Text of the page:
This scene also gives Edward Seymour’s character a weird and disturbing turn he never returns to. So I don’t know who this dredging of history for the worst rumoured deaths from multiple centuries earlier is for, but I believe I am done with it.
At the Actual Historical show trial for Robert Constable there were three witnesses for the prosecution. One of them would gain stewardship of Constable’s lands (17). Would you care to guess, do you think you could imagine, who that person could be?
Hey Sir Ralph Ellerker, you sneaky bastard! Ha ha. Well what are you doing here?
Witness and beneficiary again? Wow.(18)
Meanwhile, it has come time for the jaws to slam shut on Robert Aske, who is concerned about Lard Darcy, but should also be concerned for himself, because Sir Francis Bryan just showed up and we know he always gets the shit work.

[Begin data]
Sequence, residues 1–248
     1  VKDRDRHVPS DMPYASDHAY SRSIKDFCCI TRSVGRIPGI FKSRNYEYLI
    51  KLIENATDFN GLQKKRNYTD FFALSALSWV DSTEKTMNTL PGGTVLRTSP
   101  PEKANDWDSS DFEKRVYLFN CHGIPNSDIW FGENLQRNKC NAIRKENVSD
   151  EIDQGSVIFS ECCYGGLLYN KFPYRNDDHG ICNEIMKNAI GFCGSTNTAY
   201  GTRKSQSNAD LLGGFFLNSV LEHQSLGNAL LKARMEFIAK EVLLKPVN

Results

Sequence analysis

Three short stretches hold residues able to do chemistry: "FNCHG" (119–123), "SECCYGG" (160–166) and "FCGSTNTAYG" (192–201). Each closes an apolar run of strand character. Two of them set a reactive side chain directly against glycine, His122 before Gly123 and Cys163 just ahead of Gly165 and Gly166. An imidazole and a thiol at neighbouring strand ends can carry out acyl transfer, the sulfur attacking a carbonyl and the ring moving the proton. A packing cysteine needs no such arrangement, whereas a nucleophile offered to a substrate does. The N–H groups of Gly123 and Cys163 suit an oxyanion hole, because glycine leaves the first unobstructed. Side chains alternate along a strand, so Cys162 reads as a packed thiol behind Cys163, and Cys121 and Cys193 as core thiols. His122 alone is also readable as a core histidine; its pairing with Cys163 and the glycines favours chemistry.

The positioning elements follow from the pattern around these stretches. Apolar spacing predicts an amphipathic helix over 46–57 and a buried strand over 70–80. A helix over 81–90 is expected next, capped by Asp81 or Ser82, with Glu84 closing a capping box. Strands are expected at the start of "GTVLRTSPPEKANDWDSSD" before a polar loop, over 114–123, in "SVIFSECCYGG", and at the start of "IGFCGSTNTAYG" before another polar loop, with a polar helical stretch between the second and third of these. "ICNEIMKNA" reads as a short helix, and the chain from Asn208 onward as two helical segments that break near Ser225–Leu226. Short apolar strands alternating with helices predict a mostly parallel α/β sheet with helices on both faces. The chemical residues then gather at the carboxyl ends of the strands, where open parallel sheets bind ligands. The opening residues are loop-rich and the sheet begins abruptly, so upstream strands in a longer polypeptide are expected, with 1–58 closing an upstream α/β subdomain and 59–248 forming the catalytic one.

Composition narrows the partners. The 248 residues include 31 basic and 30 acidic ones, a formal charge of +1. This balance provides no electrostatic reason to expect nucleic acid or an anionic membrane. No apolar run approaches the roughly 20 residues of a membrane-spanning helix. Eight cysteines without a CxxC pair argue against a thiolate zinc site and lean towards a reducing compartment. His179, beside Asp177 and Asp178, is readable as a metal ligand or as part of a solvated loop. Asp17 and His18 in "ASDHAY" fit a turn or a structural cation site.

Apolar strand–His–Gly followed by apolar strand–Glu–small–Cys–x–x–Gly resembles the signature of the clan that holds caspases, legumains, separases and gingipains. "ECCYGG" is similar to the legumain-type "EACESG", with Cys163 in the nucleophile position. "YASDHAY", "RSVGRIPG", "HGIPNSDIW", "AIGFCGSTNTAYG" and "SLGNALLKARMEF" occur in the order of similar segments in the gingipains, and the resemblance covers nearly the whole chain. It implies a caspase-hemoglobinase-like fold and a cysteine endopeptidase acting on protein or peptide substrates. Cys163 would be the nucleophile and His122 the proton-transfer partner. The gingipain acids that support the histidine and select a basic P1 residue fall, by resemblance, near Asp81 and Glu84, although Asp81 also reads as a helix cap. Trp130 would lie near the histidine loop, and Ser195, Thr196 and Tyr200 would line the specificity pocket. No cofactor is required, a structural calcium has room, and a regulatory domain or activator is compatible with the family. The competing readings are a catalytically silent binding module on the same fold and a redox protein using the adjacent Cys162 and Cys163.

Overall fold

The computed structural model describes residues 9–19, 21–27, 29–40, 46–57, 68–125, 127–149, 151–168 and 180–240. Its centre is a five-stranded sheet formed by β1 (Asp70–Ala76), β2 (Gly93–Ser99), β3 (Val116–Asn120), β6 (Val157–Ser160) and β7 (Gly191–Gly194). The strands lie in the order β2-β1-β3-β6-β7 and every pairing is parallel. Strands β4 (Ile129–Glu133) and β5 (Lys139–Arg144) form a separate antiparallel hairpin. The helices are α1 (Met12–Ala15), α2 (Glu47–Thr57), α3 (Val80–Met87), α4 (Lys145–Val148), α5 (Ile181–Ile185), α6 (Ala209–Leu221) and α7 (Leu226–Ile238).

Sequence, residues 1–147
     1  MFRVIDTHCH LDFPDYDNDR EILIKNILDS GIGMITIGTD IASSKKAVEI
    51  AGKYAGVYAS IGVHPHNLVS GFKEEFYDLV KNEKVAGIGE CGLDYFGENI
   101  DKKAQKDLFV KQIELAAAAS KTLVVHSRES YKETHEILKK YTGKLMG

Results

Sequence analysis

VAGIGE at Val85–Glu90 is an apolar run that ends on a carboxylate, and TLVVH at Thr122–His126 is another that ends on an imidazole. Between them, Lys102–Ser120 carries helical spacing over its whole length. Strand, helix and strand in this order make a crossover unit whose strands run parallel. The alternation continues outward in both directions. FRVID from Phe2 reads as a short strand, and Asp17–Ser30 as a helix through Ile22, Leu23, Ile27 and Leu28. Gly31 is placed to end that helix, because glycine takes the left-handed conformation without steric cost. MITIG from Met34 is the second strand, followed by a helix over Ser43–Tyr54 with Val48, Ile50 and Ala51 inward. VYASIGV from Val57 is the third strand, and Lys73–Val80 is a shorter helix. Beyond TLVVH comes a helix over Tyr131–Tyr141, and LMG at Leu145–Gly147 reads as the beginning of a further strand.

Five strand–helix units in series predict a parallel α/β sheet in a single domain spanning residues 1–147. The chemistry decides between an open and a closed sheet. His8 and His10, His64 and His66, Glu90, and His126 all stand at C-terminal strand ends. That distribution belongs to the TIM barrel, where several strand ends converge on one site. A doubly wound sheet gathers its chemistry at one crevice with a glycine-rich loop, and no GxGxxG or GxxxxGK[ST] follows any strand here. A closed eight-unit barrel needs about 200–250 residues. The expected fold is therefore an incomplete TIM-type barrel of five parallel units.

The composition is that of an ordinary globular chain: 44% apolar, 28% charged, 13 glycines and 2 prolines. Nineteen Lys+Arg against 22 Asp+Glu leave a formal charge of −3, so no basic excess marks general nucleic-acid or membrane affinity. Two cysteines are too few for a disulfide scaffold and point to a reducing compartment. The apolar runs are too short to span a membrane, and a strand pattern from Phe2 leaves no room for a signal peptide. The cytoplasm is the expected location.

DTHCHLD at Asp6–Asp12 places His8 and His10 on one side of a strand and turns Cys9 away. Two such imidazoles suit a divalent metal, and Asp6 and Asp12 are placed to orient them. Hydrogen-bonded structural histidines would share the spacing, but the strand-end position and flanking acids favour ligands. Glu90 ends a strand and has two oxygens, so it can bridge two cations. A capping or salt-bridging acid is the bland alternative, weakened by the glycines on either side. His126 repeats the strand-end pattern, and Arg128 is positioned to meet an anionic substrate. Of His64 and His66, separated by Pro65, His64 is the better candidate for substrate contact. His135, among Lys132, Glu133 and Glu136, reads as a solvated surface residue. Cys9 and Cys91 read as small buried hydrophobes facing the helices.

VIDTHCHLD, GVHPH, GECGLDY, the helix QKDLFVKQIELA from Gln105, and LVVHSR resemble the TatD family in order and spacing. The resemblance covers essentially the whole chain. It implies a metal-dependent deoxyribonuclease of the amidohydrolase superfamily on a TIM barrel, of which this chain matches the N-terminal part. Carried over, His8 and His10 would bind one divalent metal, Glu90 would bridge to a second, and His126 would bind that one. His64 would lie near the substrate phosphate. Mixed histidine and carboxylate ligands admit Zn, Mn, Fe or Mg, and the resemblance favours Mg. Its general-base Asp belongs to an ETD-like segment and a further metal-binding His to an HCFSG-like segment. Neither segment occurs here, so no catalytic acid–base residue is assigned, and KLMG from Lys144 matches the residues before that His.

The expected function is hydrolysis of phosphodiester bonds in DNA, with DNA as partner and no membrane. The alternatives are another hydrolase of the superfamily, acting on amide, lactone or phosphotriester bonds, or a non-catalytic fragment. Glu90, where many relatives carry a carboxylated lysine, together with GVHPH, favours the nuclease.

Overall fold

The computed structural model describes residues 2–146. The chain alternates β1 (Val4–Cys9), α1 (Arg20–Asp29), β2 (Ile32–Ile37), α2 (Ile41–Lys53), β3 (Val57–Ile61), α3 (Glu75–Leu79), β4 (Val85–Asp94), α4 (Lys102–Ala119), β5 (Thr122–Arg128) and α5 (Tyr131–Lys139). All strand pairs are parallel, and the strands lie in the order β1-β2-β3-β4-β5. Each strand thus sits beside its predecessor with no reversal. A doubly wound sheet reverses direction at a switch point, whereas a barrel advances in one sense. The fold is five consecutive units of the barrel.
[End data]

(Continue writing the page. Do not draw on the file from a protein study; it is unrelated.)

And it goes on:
Aske is clearly looking to Brandon for salvation, but suddenly all Brandon can offer him is a very terse excuse.
Aske, who has been figuring out the score since he saw Sir Francis appear in front of him, walks away to his arrest, and Aske was arrested pretty much on his arrival in London.
Brandon goes in to see Cromwell, whence he has been summoned, and Cromwell is really leaning in to the whole ‘making them wait’ power play. Apparently the 74 prisoners he has executed were too few. Brandon justifies his actions and points out that Cromwell was not there, saying he hanged the leaders…
Cromwell decides to push Brandon back out the door with a personal threat, with an apparent royal seal of approval. And he looks pretty smug when Brandon stalks out. I guess being able to throw your weight around against the previously untouchable Brandon must feel pretty good. Also, he reminds me of Anne a little in this moment, the way she used to push forward after she felt her position get weaker.